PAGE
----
May 19, 2017
How to Prepare for a European Electronics Ban
Yesterday we reported that the European electronics ban was being delayed due to heavy pushback from European officials (yay!). To recap, the US is considering banning tablets and laptops on flights from Europe to the US, citing intelligence that terrorists want to smuggle bombs hidden in the devices onto airplanes. Although the ban has been delayed, there’s a good chance it could still be implemented. So, how should flyers prepare?
I travel between the US and Europe with my laptop quite a bit. There’s two steps I’m taking to prepare for the laptop ban. First, I’ll be purchasing a second laptop to use exclusively for these international flights. I won’t bring my primary laptop, which contains my essential data, on these flights. The laptop I bring on these flights would have to be checked with my luggage. Luggage can be lost and items can be stolen. I won’t be saving any important data on my second laptop. That way, if something happens, I only have to worry about the financial impact of loosing a computer, not about losing important computer files.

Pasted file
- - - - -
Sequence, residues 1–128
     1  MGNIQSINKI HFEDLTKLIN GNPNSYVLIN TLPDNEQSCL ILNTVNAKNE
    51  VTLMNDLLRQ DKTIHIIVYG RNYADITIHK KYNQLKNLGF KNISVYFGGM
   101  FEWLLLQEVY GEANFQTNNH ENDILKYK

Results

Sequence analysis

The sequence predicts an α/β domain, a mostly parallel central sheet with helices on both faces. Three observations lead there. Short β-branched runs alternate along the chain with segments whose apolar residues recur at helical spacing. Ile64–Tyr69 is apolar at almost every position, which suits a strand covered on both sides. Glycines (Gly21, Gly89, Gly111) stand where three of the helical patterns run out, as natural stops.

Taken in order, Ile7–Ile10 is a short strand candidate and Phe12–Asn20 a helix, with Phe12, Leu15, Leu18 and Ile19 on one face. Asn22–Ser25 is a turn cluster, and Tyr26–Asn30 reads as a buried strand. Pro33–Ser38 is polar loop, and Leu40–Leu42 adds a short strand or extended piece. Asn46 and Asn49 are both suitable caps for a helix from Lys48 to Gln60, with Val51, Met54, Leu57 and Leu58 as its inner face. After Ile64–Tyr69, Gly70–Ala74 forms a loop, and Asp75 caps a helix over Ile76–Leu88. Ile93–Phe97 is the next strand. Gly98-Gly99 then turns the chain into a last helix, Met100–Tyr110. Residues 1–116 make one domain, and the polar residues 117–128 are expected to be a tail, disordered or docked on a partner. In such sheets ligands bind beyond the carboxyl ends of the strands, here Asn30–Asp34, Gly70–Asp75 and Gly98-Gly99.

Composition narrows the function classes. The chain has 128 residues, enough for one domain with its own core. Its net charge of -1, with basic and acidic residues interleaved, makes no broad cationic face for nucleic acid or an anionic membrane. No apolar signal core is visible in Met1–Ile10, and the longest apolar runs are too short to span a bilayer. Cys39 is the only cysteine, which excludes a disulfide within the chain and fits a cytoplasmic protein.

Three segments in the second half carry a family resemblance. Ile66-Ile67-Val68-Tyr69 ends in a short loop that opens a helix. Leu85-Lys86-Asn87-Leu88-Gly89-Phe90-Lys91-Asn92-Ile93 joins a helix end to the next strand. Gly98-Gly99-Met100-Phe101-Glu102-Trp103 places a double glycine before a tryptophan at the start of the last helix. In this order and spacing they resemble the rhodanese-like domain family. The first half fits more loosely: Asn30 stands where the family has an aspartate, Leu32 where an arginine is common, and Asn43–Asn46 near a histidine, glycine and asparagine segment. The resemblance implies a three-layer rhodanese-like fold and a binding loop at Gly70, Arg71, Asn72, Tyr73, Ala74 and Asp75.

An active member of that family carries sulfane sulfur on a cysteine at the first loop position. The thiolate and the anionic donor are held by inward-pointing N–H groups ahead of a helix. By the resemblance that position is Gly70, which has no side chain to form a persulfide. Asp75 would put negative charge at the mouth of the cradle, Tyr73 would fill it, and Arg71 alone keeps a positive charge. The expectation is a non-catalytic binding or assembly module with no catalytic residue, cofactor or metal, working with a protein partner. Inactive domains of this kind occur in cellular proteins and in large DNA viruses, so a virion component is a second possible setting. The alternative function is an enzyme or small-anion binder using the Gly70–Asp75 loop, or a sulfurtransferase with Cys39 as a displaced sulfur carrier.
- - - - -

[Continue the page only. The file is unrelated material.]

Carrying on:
The second step you should consider is flying from Europe-Canada-USA. If the laptop ban only applies to direct flights from Europe to the US, you could hop on an Air Canada flight that connects in Canada. Since you’d be flying from Canada-USA, you could keep your laptop on board for both legs of the flight. I flew Air Canada Business on a Boeing-777 between Toronto-Munich last December and loved the experience.
Finally, I’d think the fact that you can easily connect in Canada to get around a European electronics ban renders the ban useless no? Terrorists can just book a ticket which routes through Canada. Or, I’m doing some heavy mental gymnastics here, they could just route their flight from Asia to the US. Am I missing something? What’s the point of banning laptops which could contain bombs if a terrorist can just take another flight that does allow laptops?
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